I versus EE: the difference in a nutshell
Thursday, February 24th, 2005
Categorized as: Series EE US Savings Bonds • Series I US Savings Bonds
I was wondering what the difference (in a nutshell) is between Series I and EE Savings Bonds. When I read about how the interest is accrued, I get lost along the way.
Have you ever noticed how prices tend to rise over time on the same stuff?
When I was a dust-covered boy in Kansas, my doctor’s office had a five-cent Coca-Cola machine. Even if you adjust for the fact that today’s Coke machines give you cans twice as big as the 6-ounce bottles of the 1950s, today’s price is much higher.
That’s called inflation. The government’s Bureau of Labor Statistics collects the average prices people are paying every month and uses the data to produce the Consumer Price Index.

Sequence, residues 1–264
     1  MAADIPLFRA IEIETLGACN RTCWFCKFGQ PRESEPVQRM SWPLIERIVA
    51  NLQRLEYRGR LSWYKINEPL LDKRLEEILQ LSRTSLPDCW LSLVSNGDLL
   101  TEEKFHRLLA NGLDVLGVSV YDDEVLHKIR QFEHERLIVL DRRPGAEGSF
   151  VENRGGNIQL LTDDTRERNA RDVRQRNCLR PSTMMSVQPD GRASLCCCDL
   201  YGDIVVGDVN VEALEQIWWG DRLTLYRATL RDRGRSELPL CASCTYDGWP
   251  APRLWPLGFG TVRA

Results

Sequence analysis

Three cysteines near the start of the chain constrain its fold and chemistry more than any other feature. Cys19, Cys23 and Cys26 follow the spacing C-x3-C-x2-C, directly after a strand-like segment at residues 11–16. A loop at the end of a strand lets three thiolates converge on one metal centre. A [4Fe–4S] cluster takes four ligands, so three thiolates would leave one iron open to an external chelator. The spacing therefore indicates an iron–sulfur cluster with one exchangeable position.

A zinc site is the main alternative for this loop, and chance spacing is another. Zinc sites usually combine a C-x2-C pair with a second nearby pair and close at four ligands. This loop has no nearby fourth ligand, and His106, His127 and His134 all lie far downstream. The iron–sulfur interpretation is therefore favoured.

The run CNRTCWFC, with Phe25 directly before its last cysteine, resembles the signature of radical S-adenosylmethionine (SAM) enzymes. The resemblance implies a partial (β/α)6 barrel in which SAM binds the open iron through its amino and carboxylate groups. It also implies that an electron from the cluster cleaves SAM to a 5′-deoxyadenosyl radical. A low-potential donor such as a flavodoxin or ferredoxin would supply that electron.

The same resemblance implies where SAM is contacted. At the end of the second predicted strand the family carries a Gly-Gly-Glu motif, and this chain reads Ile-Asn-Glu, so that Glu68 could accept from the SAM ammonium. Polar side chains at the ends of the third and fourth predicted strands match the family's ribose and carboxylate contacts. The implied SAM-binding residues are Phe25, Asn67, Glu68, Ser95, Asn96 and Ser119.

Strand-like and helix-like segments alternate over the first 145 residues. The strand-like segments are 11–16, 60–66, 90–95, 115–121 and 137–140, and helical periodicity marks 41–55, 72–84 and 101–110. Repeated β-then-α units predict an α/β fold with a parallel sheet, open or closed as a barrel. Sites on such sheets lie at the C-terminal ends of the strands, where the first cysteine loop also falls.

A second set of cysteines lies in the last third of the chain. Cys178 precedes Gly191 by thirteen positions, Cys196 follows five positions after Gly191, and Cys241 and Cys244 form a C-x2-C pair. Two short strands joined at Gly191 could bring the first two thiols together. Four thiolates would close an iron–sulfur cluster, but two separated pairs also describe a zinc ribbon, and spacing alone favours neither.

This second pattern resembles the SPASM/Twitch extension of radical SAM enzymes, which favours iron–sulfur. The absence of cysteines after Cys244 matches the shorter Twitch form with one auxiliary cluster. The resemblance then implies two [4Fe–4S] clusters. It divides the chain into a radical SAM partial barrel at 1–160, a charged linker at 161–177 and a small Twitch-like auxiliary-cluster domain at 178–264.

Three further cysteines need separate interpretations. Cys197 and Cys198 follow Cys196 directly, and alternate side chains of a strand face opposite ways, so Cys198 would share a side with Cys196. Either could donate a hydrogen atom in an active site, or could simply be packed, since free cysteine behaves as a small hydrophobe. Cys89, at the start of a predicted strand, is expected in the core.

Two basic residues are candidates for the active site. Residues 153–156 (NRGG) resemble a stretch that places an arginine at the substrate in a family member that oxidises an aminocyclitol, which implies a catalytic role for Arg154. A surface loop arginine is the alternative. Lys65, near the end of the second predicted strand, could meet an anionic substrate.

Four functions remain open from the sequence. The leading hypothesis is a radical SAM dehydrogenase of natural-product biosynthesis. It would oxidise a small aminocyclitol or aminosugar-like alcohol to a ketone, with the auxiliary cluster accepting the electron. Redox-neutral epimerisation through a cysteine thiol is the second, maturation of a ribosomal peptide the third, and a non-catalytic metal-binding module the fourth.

Series I Bonds are designed to protect you from inflation. The interest rate paid by Series I bonds includes a component that’s fixed for the life of the bond when you buy it, plus the rate of inflation as determined by the Consumer Price Index. The Treasury calculates a new interest rate for Series I bonds every six months.
New Series EE Bonds, on the other hand, have fixed interest rates that are adjusted just once during the 30 year life of the bond – at the bond’s 20th anniversary. To make any money, your EE bonds have to pay more than the inflation rate during the time you hold the bond, but you don’t know what future inflation rates will be when you invest.
Since I bonds were introduced in 1998, they have outperformed Series EE bonds.